Two painting shows currently at the Duke University Museum of Art (DUMA) have provoked this torrent of questions, as is appropriate for exhibitions at a university museum to do. Basically, the answer to them all is “yes.” Yes, painting should do all these things and more. My tastes lead me to prefer certain objectives over others, but my only real caveat is that the artists not confuse telling with showing, and do their job of image-making with sincerity, no matter how sarcastic, ironic or theory-laden their souls may be. Don Eddy, whose retrospective of photo-realist paintings fills DUMA’s main gallery, and Corrine Colarusso, whose “free wandering” landscapes hang upstairs, are equally sincere in their work, although they could hardly be more different in process or product.
At the opening reception for his exhibition, Eddy gave one of the best artist talks I have ever heard, discussing with great erudition ideas about a word-based understanding of the world, as opposed to an image-based understanding. He talked of his own journey toward self-understanding through the process of his work, and he spoke of the concurrent shift in the work away from a language base and toward “the envisioned.” While his earlier work is visually stunning, it doesn’t leave much for your mind to work on or return to. It is all spelled out. But in the more recent pieces, Eddy thinks in pictures, and his imaging requires that we imagine, apprehending meaning not through logic, but through a more Zenlike process.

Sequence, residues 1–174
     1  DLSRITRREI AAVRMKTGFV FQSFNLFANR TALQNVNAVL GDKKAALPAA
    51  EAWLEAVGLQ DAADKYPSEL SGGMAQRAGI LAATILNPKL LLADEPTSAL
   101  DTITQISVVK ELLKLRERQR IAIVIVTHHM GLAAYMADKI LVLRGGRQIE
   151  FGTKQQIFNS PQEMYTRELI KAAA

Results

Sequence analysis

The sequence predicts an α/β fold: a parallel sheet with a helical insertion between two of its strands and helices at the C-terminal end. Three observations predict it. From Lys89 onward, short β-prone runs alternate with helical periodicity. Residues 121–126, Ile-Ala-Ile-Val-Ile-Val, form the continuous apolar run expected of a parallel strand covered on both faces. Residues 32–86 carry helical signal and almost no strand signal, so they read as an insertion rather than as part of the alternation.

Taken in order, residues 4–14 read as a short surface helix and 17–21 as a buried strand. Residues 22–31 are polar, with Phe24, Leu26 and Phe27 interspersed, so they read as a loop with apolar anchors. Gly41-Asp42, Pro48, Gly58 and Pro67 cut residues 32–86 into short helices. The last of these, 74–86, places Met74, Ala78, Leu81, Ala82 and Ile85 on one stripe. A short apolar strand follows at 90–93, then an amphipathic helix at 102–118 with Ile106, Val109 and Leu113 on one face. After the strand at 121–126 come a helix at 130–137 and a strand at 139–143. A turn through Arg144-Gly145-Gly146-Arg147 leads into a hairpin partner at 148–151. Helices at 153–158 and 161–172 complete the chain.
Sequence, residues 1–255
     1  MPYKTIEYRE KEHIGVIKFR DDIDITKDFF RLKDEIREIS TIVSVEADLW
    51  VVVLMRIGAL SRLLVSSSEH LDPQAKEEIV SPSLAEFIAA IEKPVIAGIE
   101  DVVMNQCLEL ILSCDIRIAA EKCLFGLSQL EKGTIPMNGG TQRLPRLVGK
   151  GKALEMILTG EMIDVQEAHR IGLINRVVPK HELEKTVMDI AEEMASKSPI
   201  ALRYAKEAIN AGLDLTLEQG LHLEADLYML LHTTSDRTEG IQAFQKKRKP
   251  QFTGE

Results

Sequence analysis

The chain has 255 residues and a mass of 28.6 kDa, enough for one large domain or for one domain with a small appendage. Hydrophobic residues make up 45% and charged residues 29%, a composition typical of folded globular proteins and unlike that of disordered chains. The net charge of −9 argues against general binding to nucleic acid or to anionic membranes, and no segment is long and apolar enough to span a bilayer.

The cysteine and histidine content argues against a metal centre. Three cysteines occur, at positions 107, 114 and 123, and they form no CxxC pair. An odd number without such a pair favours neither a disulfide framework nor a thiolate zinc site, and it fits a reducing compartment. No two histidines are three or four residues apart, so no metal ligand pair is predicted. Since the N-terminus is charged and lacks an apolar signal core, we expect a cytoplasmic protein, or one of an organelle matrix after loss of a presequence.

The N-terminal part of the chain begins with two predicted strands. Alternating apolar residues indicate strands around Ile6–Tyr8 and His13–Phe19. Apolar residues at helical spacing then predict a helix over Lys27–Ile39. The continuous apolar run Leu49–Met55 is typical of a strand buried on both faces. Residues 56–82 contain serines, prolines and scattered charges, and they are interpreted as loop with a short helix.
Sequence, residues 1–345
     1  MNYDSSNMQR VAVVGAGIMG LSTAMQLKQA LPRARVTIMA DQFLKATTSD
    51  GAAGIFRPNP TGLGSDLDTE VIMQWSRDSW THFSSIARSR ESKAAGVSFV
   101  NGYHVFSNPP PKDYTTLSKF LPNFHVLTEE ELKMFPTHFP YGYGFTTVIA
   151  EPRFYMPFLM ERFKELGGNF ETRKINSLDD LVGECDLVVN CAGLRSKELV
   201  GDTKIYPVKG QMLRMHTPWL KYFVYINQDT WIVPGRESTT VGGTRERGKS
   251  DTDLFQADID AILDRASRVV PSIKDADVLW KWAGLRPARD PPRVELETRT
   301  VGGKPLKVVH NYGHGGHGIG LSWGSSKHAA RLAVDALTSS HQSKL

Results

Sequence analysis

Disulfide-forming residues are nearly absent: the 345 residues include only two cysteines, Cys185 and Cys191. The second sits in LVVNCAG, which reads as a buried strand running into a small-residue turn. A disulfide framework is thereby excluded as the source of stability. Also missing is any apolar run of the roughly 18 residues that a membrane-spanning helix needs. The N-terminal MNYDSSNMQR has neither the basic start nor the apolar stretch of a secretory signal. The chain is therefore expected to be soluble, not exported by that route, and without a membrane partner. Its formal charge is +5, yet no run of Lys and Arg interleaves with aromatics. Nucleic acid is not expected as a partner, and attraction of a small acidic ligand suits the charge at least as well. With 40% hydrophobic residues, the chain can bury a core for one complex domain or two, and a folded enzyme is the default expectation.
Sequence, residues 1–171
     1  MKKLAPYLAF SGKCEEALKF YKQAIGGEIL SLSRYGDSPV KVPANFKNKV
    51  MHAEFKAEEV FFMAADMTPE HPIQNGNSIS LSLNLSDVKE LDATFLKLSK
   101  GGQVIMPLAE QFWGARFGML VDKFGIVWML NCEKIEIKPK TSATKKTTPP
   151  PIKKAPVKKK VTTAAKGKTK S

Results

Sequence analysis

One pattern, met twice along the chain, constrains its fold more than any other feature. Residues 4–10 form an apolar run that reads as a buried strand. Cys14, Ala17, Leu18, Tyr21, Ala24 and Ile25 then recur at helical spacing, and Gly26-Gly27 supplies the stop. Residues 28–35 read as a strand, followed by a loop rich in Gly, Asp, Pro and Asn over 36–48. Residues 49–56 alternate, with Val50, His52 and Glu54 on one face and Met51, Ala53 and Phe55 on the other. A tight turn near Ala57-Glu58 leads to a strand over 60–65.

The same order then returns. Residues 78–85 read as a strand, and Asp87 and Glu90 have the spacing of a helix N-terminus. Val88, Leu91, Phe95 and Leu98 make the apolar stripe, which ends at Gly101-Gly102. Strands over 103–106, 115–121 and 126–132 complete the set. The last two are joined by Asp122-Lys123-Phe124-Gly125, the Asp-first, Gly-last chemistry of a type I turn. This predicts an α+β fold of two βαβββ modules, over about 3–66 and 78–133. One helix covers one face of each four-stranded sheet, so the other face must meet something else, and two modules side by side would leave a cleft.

As concerned as he is with perception and visual qualities, Eddy makes his pictures using photographs and sprayed paint in an obsessive, mediated, many-layered process that distances him considerably from any immediate visual experience and that completely eliminates the mark of his hand in the work and cools its emotional temperature. Not so Colarusso. She draws from life and from her feelings and memories of what she has seen, always working directly onto the canvas, building her layers and images in response to her previous marks, rather than from a settled plan. It is, she says, that unmediated experience of mark-making that keeps her painting.
Although their work contrasts sharply, these artists are similar in that they are both image-makers, not talkers in paint. Both play the delicious painters’ game, insisting that a painting is color and line on a flat surface, an object independent of its imagery–yet both know the work is more than that, more than a game, more than a process for the artist, more than pleasing colors and lines arranged on smooth rectangles.
What such paintings depict and show may have a counterpart in literature or poetry, but good paintings do not translate from words, nor could they be traded for a verbal description. Their power lies in their images, which do not exist anywhere in the world in these precise arrangements. Arrived at through the artists’ inscrutable alchemy and clarifying craft, the images matter to both artist and viewer: Process and product are in balance. These paintings have been made to capture and convey some nonverbal knowledge from the maker to the viewer. That’s really what painting is for.